David shooting Stage 6 at The Range in Oxford. Note the wooden blocks restricting movement on the bench.
My friend David and I drove up to Oxford, NC to shoot in last Sunday’s IDPA match at The Range.. The equipment constraints and procedure rules are more restrictive than the Wake County Action Pistol Matches, but shooting an outdoor match brings different opportunities for learning — especially a match in Oxford.
The overall summary was:
- 6 stages
- under 90 rounds
- match briefing at 12:45pm
- finished our last stage around 3:45pm
- no malfunctions with my 1911!
All IDPA matches involve shooting and moving. At The Range in Oxford they can also involve shooting from a vehicle: in this case a very abused Toyota 4Runner.
The 4Runner Stage. Driver side targets highlighted in red,
Stage 5 featured the 4Runner. The scenario was basically: Start with your gun in the passenger seat of the vehicle. Shoot 6 targets near to far. Each target gets 2 shots. To achieve that, you needed to shoot two targets out the passenger window, two out the driver window, a 3rd target out the passenger window and back to the driver’s window for the final target.
As I sat in the 4Runner I realized a big person used to drive this vehicle in it’s better days because I sunk way down into that seat. From that position, the first target I needed to shoot was out of site on the passenger side toward the rear of the vehicle.
I thought I had a plan but when the buzzer when off, I picked up the gun with my strong hand and was able to see the first target. It was going to take some effort to slide forward and twist my entire body to get both hands on the gun, and the target was right there. I thought “reach out and touch it” and just lined up the shot with my strong hand and squeezed the trigger. I shot the 2nd target the same way then began to use both hands. For the first time ever I noticed a low shot and took a make up shot immediately.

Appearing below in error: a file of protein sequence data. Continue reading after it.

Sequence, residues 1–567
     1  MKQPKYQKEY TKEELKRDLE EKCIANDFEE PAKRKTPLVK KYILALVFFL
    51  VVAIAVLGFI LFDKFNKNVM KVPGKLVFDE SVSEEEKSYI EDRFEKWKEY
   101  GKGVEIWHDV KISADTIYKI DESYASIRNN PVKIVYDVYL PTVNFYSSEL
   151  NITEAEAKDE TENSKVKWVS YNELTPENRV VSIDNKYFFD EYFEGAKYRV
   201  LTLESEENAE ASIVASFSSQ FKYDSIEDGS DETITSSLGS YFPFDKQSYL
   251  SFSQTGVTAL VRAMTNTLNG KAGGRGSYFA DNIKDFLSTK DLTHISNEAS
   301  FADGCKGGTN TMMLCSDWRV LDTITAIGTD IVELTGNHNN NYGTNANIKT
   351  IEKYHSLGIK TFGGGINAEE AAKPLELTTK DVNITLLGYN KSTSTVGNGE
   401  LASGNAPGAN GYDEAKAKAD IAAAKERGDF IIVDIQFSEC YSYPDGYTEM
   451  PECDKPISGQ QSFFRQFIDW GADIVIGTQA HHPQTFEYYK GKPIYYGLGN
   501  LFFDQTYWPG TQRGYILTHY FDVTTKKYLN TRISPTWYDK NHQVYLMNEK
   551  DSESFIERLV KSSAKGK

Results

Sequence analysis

I shoot slow. I always place close to last in every match. But I have fun shooting and in the this case had zero down. I was so happy I had a huge grin the rest of the day.
I also want to mention a few other lessons learned / observations:
– Stage 6 (see photo at the top) required the shooter to stay within the wooden blocks on the bench while shooting. In that case being small was an advantage. I had more wiggle room to line up my shots. I was down zero on that stage as well. I am thrilled with small victories like that!
– The last stage we shot, Stage 3, had rectangular steel plates partially blocking some of the targets. I’d never seen that before so I asked if they were non-threats. I was told they were “round eaters”. It was a limited vickers stage so if your shot hit the steel, it wasn’t going to hit the target. The ping of hitting steel also telegraphs your mistake to the entire squad. Oh joy… I managed to avoid all the steel and did a little victory dance in my head. Especially since the first 6 shots were weak hand only and the next 6 were strong hand only. The final 6 shots were head shots with both hands on the gun. I did manage to miss one head. Bummer.
– Finally, I got called for moving while reloading across an opening in cover. The RSO told me he was going to have to assess the penalty and my response was, “I was really moving while reloading? Go me! I had no idea I could do that. I’m happy to take the penalty.” He grinned and said “And it was a tactical reload too.” This is progress!
I checked the scores. I came in 3rd to last. As I said, I’m slow. Also, I admit that I really don’t practice much. I’ve had to think about why I shoot these matches and for now there are several reasons and none of them have anything to do with winning.
- Handle my gun safely on a regular basis
- Challenge myself with scenarios that require planning, moving and shooting
- Have fun!!! And I certainly achieved that!